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Publication numberUS6851161 B2
Publication typeGrant
Application numberUS 10/263,227
Publication dateFeb 8, 2005
Filing dateOct 2, 2002
Priority dateApr 3, 2000
Fee statusPaid
Also published asUS20030061692
Publication number10263227, 263227, US 6851161 B2, US 6851161B2, US-B2-6851161, US6851161 B2, US6851161B2
InventorsHoward A. Kingsford, William H. Shepard, Paul A. Dandurand
Original AssigneeVelcro Industries B.V.
Export CitationBiBTeX, EndNote, RefMan
External Links: USPTO, USPTO Assignment, Espacenet
Sealing closures
US 6851161 B2
Abstract
A reclosable closure consists of two longitudinally continuous strips and which, when facially engaged, are held together by hook and loop fastening principles. The inner side of one strip has two fields of hook-engageable loops, separated by a female seal profile portion. The inner side of the other strip has two fields of molded hook elements arranged to engage the loops to hold the closure in its closed condition, and a central male seal profile portion for engaging the female seal profile portion to form a seal when the closure is closed. Another reclosable closure is held together by hook and loop fastening principles and includes a resilient bead that is compressed between opposing sides of the closure, or between spaced rails of an opposing side of the closure, when the hooks and loops of the closure are engaged. The closure is useful, for example, as a bag closure.
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Claims(27)
1. A fastener product comprising
a first fastener strip having
a strip-form base with a first set of fastener elements carried on one side thereof in two spaced-apart areas; and
extending along the base between the two areas of the first set of fastener elements, a longitudinal structure integrally molded with and protruding from said side of the base; and
a second fastener strip having
a strip-form base formed of a plastic resin with a second set of fastener elements carried on one side thereof in two spaced-apart areas and adapted to engage the first set of fastener elements to form a releasable fastening; and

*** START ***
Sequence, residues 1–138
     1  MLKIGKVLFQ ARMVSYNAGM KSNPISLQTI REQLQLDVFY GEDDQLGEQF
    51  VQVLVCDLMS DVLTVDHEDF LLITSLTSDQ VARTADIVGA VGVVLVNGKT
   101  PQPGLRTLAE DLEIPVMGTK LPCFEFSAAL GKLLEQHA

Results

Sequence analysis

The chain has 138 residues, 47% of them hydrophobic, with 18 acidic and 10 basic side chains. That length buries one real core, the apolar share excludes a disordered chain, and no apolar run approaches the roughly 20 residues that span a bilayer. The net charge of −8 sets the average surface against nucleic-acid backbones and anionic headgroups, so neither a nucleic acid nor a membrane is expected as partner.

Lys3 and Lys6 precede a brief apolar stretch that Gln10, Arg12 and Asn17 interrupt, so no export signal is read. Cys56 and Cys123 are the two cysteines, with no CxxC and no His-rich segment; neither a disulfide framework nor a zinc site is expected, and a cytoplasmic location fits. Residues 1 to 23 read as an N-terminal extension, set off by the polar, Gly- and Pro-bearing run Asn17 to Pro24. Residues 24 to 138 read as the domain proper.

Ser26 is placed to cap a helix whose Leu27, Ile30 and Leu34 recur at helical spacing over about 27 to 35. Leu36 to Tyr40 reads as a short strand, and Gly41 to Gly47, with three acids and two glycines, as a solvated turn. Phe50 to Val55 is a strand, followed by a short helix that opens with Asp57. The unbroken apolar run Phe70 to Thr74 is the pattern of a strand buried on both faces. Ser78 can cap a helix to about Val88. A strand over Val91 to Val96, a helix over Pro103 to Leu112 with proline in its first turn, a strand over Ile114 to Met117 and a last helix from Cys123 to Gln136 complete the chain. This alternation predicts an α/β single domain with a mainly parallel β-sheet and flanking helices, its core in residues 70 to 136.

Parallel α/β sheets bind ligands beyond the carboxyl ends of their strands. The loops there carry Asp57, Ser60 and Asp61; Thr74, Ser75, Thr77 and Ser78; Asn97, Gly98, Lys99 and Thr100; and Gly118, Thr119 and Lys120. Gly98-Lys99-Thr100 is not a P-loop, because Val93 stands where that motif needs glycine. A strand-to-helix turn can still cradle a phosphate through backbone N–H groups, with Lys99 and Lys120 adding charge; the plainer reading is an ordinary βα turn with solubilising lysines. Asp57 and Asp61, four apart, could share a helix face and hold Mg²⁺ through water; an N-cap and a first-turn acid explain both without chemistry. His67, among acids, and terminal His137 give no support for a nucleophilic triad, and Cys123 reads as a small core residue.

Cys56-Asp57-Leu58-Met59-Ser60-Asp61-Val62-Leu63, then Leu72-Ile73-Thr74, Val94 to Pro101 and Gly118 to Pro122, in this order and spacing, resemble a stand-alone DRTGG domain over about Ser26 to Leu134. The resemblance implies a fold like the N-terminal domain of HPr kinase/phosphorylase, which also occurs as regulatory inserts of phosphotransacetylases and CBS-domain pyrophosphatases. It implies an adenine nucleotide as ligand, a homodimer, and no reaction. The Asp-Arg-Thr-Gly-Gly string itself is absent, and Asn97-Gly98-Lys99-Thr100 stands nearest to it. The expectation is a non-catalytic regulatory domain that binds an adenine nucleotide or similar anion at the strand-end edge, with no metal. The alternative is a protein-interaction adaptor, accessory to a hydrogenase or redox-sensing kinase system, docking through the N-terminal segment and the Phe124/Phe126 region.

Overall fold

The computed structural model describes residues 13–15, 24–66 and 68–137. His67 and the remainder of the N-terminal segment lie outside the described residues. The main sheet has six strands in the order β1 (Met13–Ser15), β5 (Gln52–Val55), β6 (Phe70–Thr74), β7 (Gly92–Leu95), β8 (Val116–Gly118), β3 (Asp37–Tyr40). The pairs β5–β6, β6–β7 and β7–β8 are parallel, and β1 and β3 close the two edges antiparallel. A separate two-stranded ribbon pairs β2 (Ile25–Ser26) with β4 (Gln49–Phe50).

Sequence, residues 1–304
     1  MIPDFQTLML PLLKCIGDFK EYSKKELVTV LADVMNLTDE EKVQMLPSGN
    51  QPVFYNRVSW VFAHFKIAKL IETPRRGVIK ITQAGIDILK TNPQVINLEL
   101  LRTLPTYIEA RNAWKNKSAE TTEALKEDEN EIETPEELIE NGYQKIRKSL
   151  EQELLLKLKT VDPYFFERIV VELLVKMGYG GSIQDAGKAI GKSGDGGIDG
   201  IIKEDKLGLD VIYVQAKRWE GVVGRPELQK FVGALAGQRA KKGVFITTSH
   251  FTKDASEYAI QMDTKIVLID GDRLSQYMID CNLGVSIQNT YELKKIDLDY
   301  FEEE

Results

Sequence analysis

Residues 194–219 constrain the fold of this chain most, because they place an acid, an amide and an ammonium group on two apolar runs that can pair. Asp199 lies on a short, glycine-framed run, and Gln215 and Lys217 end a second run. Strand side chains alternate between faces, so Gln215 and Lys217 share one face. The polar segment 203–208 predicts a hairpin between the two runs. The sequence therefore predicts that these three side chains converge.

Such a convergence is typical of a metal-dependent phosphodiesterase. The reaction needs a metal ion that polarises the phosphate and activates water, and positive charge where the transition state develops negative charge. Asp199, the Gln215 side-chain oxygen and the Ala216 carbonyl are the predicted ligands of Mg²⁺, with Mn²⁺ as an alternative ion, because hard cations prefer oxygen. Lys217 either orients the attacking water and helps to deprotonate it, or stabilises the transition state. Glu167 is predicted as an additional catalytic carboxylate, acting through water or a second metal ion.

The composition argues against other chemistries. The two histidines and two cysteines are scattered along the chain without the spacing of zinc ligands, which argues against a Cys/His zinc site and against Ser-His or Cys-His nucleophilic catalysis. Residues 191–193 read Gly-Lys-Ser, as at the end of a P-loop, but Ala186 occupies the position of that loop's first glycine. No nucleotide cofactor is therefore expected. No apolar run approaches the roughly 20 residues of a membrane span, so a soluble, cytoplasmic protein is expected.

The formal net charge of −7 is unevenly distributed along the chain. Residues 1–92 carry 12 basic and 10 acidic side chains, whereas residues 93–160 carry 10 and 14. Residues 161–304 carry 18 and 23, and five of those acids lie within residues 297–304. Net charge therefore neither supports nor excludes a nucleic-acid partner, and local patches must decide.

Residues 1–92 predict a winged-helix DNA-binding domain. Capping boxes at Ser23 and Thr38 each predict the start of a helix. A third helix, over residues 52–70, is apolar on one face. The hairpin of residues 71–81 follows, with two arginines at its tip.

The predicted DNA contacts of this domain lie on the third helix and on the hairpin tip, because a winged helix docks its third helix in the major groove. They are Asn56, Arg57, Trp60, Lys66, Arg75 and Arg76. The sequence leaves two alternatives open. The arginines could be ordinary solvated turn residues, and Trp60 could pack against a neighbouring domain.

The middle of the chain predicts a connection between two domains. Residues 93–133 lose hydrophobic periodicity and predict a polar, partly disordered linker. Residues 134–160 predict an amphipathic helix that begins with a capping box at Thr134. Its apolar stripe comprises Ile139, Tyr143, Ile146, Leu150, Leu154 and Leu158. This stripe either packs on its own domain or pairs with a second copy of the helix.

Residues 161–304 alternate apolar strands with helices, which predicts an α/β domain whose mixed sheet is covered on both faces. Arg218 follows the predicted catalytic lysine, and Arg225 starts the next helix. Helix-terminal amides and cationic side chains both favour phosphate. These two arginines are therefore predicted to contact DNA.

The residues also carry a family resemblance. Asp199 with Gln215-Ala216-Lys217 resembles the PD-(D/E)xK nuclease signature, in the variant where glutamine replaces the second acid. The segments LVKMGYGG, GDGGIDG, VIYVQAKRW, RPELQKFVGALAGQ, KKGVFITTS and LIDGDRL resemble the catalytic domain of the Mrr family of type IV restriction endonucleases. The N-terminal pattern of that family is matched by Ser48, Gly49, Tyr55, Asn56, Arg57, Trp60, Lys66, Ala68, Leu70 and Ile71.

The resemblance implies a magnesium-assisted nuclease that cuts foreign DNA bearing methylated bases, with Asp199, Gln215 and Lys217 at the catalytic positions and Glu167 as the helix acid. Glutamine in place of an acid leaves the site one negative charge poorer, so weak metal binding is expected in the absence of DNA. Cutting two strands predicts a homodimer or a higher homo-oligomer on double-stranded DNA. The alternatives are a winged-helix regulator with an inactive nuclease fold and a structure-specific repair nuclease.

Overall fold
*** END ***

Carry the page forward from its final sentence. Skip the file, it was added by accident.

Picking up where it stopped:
extending along the base between the two areas of the second set of fastener elements, a surface formed of the resin and arranged to be engaged by the longitudinal structure of the first fastener strip to form a liquid-tight seal between the fastener strips when the first and second fastener strips are engaged;
wherein one of the first and second sets of fastener elements comprise discrete stems arranged in columns and rows, each stem integrally molded with their respective strip-form bases;
wherein the longitudinal structure and engaged surface have complementary profiles that are adapted to interlock when the first and second fastener strips are pressed together.
2. The fastener product of claim 1 wherein at least one of the first and second sets of fastener elements comprise male, loop-engageable elements in both spaced-apart areas.
3. The fastener product of claim 1 wherein at least one of the first and second sets of fastener elements comprise engageable loops or fibers in both spaced-apart areas.
4. The fastener product of claim 1 wherein one of the spaced apart areas of fastener elements of at least one of the first and second fastener strips comprises male, loop-engageable elements, and the other of the spaced apart areas of fastener elements of the at least one of the first and second fastener strips comprises engageable loops or fibers.
5. The fastener product of claim 1 wherein the fastener elements comprising stems have heads that extend outwardly from the stems.
6. The product of claim 1 wherein the longitudinal structure comprises resin integrally molded with resin of the side of the base from which it protrudes.
7. The product of claim 1 wherein the longitudinal structure has an exposed surface of rolled form.
8. The product of claim 1 wherein the longitudinal structure and engaged surface together form an air-tight seal when the fastener strips are engaged.
9. The product of claim 1 wherein the longitudinal structure and engaged surface are held in adjacent relation by the fastener elements when the first and second fastener strips are engaged, to form a tortuous leak path.
10. The product of claim 1 wherein the complementary profiles of the longitudinal structure and engaged surface define a longitudinal cavity therebetween when the first and second fastener strips are engaged.
11. The product of claim 1 wherein the engaged surface is formed of a resilient material that is compressed upon engagement.
12. The product of claim 1 wherein the first and second sets of fastener elements together comprise hooks and hook-engageable fibers.
13. The product of claim 12 with the fastener elements of the first and second fastener strips releasably engaged, the fibers under a separating tension and the engaged surface under compression.
14. The product of claim 1 wherein the longitudinal structure of the first fastener strip and the engageable surface of the second fastener strip have engaging surfaces that are inclined at an angle to the bases of their respective fastener strips.